“Though this be madness, yet there is method in’t:” Madness as Duality and Loss of Self in the Plays of William Shakespeare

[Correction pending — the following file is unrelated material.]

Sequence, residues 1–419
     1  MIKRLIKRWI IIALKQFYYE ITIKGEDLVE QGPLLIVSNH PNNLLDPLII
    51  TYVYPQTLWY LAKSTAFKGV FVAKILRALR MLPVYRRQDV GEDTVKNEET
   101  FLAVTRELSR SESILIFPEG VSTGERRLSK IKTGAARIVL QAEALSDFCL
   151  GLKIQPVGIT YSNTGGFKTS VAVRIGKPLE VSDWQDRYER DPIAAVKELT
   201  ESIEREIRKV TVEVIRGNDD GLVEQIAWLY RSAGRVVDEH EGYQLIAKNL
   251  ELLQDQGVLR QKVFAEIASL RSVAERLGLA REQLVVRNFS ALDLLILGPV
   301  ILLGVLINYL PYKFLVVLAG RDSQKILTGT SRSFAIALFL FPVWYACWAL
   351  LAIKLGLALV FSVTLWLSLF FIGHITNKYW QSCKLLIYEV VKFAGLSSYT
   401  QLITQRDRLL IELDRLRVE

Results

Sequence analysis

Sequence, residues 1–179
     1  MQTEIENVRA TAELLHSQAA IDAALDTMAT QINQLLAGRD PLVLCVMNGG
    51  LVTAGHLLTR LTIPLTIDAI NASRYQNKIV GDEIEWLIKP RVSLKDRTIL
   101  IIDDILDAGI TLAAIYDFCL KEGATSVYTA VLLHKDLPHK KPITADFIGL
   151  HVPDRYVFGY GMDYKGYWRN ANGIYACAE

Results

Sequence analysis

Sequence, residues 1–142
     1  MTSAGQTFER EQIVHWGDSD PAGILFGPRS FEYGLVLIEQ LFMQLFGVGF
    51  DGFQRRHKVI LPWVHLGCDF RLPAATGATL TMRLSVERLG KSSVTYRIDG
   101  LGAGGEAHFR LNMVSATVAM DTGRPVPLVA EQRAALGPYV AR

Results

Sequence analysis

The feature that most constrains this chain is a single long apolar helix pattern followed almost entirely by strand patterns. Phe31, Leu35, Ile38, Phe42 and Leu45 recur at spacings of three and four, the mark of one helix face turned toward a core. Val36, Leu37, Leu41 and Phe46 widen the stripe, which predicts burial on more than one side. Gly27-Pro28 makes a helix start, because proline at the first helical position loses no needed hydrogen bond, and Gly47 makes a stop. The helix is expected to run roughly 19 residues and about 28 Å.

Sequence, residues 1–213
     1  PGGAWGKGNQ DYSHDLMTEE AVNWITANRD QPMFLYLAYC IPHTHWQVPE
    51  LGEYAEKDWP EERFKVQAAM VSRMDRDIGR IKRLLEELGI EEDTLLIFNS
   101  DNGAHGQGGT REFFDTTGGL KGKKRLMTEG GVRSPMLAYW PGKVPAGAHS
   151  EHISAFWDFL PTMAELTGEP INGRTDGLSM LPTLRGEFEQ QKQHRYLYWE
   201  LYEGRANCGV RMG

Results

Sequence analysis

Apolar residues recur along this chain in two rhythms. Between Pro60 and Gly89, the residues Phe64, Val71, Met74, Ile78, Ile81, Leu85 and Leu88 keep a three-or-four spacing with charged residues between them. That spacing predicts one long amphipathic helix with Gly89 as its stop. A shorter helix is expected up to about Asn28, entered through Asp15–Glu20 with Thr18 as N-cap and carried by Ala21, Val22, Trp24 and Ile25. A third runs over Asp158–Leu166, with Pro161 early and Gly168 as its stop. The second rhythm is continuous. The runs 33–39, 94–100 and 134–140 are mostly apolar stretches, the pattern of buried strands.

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This essay is an analysis on the way in which William Shakespeare interacts with madness, as it was understood in Elizabethan England, in a select few of his works. In briefly examining the history of Madness in the sixteenth century as it was born from the idea of the four humors and the black bile driven sickness “melancholie,” it becomes evident that the English in Shakespeare’s time would have understood Madness, among other ways, as an internal imbalance and irrationality which lead to dual nature and eventually total loss of self. With this in mind, the essay shifts to an examination of three well known plays, Richard III, King Lear, and Hamlet, and the practice of falsity and play acting that appears in all. In light of the lesser-known sixteenth century understanding of madness as an internally-driven dissolution of character, the essay rereads certain characters in each text who participate in such duality as sufferers of this type of insanity, or (in some cases) mimicks of such sufferers. In this examination it is revealed how Shakespeare used this insanity as a tool for characterization and plot development. Furhter, Shakespeare’s use of this form of madness shows clearly the way in which the typical Elizabethan Englishman would have understood and related to the illness. In all, Shakespeare’s inclusing of the emerging understanding of madness as duality shows not only his skill as a writer, but also the way in which he was in touch with both the society at the time and the human condition.